It's fun to enter contests. There's the element of surprise and a sort of carefree, what-the-heck release that comes from tossing your hat in the ring. Just like that silly carnival game where you flip over a random rubber duck. Yeah, you probably won't win but hey, those duckies are cute. Bayou magazine sponsors annual prizes in fiction and poetry that include the added benefit of a subscription to the journal for your $15 entry fee. (So check it out and throw your 7,500-word-or-less hat into their ring!)
The first piece in Bayou's latest issue (#35) is titled, unappealingly, "Shitstick." Against my natural inclination, I started reading anyway. It did not take long for the author to grab my attention, and he held it, in spite of the fact that the essay is about young boys I didn't have much sympathy for and a childhood experience I could not relate to. It was the writing. Hans Burger, in his first publication, has some damned confident prose. And just like with dating, confidence is attractive.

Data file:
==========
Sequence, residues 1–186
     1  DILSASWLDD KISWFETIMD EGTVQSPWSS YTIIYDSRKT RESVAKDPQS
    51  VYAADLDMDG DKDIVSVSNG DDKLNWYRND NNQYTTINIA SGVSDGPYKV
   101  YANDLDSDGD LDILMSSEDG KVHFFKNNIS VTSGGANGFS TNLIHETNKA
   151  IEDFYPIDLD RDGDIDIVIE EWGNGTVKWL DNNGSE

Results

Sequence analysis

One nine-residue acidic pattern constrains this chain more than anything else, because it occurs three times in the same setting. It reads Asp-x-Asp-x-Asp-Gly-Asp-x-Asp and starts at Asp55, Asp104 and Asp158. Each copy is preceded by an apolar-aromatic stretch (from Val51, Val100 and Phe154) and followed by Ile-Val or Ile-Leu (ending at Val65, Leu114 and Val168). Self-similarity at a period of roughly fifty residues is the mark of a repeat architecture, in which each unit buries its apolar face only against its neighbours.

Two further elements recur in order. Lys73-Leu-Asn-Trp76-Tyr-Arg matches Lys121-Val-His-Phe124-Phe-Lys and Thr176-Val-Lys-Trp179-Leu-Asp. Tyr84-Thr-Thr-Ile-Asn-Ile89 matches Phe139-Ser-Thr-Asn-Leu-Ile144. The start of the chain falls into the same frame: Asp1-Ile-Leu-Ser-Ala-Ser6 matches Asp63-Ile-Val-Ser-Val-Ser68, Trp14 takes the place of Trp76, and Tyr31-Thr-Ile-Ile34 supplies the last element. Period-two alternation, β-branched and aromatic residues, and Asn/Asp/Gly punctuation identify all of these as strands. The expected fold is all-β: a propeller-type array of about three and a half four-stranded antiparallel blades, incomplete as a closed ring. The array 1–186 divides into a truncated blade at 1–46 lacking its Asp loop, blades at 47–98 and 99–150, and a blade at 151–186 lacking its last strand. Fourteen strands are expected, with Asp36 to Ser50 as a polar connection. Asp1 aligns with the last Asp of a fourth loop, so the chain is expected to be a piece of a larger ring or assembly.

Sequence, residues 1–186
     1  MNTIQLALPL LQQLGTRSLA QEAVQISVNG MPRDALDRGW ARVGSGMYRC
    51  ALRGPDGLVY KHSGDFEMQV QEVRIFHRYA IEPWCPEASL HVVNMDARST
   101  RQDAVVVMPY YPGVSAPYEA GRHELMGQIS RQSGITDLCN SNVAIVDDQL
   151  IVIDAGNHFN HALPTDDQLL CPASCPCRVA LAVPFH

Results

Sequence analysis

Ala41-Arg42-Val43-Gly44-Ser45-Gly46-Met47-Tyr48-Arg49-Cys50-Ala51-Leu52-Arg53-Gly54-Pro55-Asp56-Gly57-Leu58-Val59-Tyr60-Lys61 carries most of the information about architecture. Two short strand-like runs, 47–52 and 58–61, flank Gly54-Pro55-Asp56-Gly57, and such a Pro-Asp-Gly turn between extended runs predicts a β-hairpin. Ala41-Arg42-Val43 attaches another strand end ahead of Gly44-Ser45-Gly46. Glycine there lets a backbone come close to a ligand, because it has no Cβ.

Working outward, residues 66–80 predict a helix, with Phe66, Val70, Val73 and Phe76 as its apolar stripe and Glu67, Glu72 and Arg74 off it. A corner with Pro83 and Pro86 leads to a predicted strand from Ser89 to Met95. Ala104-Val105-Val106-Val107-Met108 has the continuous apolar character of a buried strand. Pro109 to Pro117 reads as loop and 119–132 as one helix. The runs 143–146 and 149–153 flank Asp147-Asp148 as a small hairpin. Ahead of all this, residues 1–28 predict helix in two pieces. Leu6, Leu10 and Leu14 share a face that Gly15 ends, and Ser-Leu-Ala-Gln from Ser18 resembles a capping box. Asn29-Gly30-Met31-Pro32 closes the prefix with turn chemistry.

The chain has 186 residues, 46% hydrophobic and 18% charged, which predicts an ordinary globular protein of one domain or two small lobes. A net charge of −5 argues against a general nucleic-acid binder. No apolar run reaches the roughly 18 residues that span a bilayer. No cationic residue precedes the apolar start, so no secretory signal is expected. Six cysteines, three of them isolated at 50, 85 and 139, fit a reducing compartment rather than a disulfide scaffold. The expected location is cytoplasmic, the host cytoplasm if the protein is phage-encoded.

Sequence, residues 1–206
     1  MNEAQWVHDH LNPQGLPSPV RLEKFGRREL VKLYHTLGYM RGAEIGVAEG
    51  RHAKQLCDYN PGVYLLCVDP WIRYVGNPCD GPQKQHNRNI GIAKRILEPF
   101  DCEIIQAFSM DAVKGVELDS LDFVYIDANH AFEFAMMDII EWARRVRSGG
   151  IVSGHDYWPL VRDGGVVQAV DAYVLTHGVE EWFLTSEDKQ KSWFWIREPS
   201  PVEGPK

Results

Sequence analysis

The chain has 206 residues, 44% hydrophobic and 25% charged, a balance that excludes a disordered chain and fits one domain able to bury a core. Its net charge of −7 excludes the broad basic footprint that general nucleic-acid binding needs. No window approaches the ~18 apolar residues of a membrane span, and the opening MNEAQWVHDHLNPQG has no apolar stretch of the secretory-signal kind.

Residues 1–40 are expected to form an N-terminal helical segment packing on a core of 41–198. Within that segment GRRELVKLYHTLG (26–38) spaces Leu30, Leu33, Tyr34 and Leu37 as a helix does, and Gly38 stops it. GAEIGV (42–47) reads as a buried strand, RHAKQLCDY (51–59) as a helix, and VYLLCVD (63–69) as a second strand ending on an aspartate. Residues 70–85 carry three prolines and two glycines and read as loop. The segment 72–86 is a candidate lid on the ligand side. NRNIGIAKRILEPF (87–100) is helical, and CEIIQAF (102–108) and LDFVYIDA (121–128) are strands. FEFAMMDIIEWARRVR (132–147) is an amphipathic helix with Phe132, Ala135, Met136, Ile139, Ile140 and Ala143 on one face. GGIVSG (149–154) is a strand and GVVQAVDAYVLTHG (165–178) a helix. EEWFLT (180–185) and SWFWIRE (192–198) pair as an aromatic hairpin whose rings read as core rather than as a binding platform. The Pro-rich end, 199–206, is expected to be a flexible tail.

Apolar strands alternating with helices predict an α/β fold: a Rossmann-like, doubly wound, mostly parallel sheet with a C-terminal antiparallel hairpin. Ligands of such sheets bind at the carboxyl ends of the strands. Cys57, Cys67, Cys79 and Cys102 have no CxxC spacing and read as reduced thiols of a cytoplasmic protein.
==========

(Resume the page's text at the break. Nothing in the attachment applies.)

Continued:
As a result, I've been thinking about what exactly makes writing confident. The easy answer is "doing everything right" - displaying the right details, choosing the most fitting words, and balancing between description and action, among other things. But that answer seems like a cop-out to me. Perhaps confident writing is nothing more than the intangible sense a writer gives when she knows what she has to say and says it with the most perfect economy available. But perhaps confidence is a mirage, the result of layers upon layers of careful editing. I suspect that no amount of editing can make uncertain prose gleam with confidence, but I'm open to being convinced.
Photo from the Rubber Duck Regatta, a program to benefit prevention of elder abuse.